people who know good meats when
they see them is what has built up the
Main Street Market. Phone 108. 2-tf
Misses Sara and Henrietta Porter,
who will spend their vacation in Geor Geor-;gia
;gia Geor-;gia with their friends and relatives,
but will return to Ocala in the "earlj
fall to attend school here.
Fertilize your pot plants and lawn
flowers with Albert's Plant Food. Sold
in 25c, 50c and $2 packages at the
Court Pharmacy. I8-tf
Advertisers art always live wires.
Mrs. R. F. Rogers and nurse did not
return home yesterday with Col. Rog Rogers.
ers. Rogers. Mrs. Rogers is very comfortably
located at the home of her daughter
in Tampa and her health has improv improved
ed improved very much since going there, which
will be good news to her friends here.
Mr. and Mrs. W. B. Tnom returned
yesterday from a month's visit in
the north. They left Ocala June 1st,
going to New York city via Clyde
Line. In New York they were guests
of the Strout Farm Agency, of which
Mr. Thomas is one of the local rep representatives,
resentatives, representatives, being senior member of
the firm of Thom & Thomas. The two
days that they were there were crowd crowded
ed crowded with pleasure and they were shown
every courtesy and amusement that
could be crowded into such a short
time. After leaving New York they
enjoyed the Hudson river trip, going
across to Cleveland through western
New York state. While in New York
they say they experienced the hottest
weather of the summer, which was
The handsome residence which Raj
& Thomson are building for Mr. Wal Walter
ter Walter Ray on his big lot on the hilltop in
the southeast quarter of the city, is
nearing completion. The heavy work
j is all done, and the finishing touches
! are now being made.. When it is finish finish-;
; finish-; ed, there will not be a prettier or more
; conveniently arranged home in the
Ladies and friends of the Baptist
Missionary Society are asked to send
their contributions of clothing for
Russian relief to Mrs. G. B. Overton,
719 E. Fifth St., as soon as conven convenient.
ient. convenient. All are asked to give liberally
to this cause to people whom God has
not blessed as he has us.
A nice, thoroughly modern bunga bungalow
low bungalow home for somebody is being built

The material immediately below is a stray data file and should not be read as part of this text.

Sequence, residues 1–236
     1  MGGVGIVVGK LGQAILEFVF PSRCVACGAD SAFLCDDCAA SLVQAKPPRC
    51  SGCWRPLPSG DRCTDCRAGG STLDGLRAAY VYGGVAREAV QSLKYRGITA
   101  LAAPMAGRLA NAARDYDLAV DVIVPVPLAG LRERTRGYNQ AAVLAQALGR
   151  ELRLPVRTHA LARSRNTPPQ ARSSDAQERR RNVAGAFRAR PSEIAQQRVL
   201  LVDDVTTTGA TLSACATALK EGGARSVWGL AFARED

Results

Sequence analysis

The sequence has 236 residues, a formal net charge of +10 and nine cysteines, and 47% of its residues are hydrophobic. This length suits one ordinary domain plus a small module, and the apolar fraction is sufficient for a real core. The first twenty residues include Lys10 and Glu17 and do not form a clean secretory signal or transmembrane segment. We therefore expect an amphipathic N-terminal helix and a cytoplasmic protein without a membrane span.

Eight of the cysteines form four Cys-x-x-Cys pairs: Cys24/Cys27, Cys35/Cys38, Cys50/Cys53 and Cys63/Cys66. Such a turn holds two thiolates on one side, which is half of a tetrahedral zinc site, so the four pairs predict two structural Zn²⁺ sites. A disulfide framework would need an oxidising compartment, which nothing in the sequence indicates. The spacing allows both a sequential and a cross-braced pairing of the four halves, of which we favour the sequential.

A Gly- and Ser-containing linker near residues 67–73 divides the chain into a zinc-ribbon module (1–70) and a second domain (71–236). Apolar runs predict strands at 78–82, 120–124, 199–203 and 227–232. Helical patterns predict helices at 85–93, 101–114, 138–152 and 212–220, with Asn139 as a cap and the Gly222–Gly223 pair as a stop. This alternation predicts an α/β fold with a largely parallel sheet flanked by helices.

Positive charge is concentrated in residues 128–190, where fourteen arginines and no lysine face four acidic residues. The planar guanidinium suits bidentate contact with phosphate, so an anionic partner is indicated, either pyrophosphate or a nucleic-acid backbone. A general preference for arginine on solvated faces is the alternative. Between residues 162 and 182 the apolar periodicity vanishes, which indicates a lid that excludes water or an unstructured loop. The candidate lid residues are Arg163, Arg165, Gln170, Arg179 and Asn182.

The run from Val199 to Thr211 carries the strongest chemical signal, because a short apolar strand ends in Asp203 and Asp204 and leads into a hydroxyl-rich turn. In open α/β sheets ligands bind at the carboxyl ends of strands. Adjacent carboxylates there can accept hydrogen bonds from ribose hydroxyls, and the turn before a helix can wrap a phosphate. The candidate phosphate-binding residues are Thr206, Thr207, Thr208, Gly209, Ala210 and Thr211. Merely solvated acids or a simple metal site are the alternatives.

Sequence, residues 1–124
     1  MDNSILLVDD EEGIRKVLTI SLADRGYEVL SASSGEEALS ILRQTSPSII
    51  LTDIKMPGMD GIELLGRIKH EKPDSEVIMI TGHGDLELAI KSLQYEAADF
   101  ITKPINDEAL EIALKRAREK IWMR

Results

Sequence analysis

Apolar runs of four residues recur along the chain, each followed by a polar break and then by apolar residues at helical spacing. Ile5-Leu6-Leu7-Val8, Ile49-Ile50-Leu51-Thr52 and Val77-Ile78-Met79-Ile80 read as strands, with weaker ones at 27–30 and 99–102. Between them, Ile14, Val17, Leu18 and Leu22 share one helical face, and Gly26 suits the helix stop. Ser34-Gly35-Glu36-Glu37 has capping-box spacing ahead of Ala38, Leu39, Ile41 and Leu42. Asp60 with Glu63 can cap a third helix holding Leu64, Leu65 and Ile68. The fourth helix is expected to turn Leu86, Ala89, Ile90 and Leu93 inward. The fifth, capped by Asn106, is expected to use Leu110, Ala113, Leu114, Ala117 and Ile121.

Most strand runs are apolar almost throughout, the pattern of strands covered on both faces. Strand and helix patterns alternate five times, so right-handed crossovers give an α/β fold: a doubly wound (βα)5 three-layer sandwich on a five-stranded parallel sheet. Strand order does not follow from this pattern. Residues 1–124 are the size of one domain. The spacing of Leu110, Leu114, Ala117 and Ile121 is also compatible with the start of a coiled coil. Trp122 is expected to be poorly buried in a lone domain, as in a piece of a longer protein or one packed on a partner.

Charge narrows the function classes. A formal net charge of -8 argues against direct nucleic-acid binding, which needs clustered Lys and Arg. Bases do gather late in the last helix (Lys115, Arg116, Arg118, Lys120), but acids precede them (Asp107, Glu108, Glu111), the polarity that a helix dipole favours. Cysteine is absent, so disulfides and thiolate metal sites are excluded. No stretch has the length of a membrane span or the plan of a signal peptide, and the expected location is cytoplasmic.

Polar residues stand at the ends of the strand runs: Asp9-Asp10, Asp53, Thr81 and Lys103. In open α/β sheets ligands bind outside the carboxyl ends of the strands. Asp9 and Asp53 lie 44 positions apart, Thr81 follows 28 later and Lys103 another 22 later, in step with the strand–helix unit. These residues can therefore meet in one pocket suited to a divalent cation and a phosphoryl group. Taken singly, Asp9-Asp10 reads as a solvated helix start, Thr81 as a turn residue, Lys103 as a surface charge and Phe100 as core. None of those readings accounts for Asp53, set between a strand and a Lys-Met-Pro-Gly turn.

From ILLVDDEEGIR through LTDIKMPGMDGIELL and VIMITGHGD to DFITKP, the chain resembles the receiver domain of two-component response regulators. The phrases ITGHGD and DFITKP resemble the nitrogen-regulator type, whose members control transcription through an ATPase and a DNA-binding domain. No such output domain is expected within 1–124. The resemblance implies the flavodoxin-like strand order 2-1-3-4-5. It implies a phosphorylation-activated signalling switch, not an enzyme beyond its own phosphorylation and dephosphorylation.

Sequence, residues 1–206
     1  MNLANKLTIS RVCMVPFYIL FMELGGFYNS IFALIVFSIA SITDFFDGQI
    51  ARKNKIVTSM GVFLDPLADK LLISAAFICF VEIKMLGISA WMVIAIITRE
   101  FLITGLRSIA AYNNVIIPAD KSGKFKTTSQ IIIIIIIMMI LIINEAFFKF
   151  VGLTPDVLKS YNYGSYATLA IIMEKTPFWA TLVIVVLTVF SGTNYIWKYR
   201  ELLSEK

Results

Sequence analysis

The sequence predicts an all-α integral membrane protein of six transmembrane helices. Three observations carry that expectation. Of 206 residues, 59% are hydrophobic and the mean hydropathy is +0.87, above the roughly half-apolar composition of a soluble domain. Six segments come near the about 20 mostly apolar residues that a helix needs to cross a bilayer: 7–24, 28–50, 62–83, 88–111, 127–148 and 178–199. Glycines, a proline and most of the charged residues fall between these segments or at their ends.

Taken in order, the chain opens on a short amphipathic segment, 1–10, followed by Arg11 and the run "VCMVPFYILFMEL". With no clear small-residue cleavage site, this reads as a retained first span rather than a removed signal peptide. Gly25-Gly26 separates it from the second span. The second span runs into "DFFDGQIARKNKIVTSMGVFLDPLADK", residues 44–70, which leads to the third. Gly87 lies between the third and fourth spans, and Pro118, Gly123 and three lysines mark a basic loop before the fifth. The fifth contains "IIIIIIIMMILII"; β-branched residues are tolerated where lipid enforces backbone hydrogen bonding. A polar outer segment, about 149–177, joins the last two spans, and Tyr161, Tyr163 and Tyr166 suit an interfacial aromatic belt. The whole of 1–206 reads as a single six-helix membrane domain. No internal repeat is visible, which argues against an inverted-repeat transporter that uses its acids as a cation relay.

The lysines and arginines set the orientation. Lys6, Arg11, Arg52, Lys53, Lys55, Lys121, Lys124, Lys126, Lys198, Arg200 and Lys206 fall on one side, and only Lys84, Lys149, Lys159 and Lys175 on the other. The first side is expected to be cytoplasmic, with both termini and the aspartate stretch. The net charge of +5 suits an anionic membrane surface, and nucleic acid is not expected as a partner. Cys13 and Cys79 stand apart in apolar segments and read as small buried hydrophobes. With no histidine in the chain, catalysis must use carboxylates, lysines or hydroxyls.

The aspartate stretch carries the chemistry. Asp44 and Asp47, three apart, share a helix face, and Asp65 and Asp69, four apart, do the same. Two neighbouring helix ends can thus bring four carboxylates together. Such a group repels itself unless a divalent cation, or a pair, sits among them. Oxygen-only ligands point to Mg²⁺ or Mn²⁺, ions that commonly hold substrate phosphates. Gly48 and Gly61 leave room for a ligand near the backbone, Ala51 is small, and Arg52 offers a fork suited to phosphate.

by the Citizens Investment Co. on a
ot on Dougherty street. Price and
terms easy. Call and see it. Phone
285 for particulars. 22-tf
Mrs. J. D. Wood and two children,
Randolph and Evelyn, of Fitzgerald,
Ga., who have been visiting Mrs.
Hood's parents, Mr. and Mrs. R. H.
Porter of this city, will return home
tomorrow. They will be accompanied
by Mrs. Wood's two sisters, little
yesterday fro ma month's visit in
after a two weeks vacation. Miss Veal
was one of the party from Ocala who
attended the U. C. V. reunion at Rich- j
mond, after which she spent a few
days enjoying the beauties of our cap capital
ital capital city. After returning to Florida
she spent a few days with her par parents
ents parents in Wildwood.
1 Arrival and departure of passenger
t trains at OCALA UNION STATION.
'The fololwing schedule figures ub ub-llished
llished ub-llished as information and not guar
(Eastern Standard Time)
North Magnolia Street
QUICK LUNCHES AND
REGULAR DINNERS AT
COD DRINKS AND
EXPORT ON DRAFT
Open 6 a. in. to 12 p. m. ST
I HYVDVMCV HATTI
Month .. i
Opposite Cracker Lunch Roo
We can supply you with ice at most
reasonable prices for all purposes,
whether you want a car load or mere merely
ly merely a small quantity each day for your
home use. Our ice is absolutely pure,
being made from pure distilled water
and can be used for all purposes with
Ocala Ice & Packing Co.
PHONE 34, OCALA. FLA.
! SEABOARD Am LINE RAILWAY
' Leave Station Arrive
2:20 am Jacksonville-N'York 2:10 am
; 1 :50 pm Jacksonville 1 :50 prn
'4:17 pm Jacksonville 3:50 pm
am Ct. Petersburg 4:05 :..n
i 2:55 am NTork-St. Petrsbrg 1:35 am
j 2:15 am Tampa 2:15 am
1:50 pm Tampa-Manatee 1:35 pm
4:05 pm Tampa-St. Petersbrg 4:05 pm
DR. K. J. WEIBJ?
- .Optometrist and Optli
5V"" Eye8iht SpedaE
li4 Main Street. Jacksonville
18 East Broadway, Ocala
Albert's Plant Food 'for flowers;?
and 50c. packages. Sold at the Cf
ATLANTIC COAST LINE B, B. j
Leaves Station Arrives
6:42 am Ocala-Jacksonvflle 12:25
1:45 pm Ocala-Jacksonville 6:45
3:25 pm Ocala-St. Petersbrg 9:16
2:33 am Ocala-St. Petersbrg 8:20
2:27 am Ocala-Jacksonville 7:00
3:25 pm Ocala-Homosassa 6:20
:10 am JOcala-Wilcox 11:59
7:25 am fOca la-Lakeland 11:5C
JMonday, Wednesday, Friday.
fTuesday, Thursday, Saturday.
PACIFIC MUTUAL IIUL1
Permanent Total Diss